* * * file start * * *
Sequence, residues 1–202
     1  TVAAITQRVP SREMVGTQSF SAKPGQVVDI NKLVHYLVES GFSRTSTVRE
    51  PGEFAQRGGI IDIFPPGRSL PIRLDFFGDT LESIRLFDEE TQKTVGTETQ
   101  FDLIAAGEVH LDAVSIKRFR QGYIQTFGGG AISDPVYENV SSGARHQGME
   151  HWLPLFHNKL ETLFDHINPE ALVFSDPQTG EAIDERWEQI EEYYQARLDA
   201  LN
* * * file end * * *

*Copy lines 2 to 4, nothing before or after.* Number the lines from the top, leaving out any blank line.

     1  TVAAITQRVP SREMVGTQSF SAKPGQVVDI NKLVHYLVES GFSRTSTVRE
    51  PGEFAQRGGI IDIFPPGRSL PIRLDFFGDT LESIRLFDEE TQKTVGTETQ
   101  FDLIAAGEVH LDAVSIKRFR QGYIQTFGGG AISDPVYENV SSGARHQGME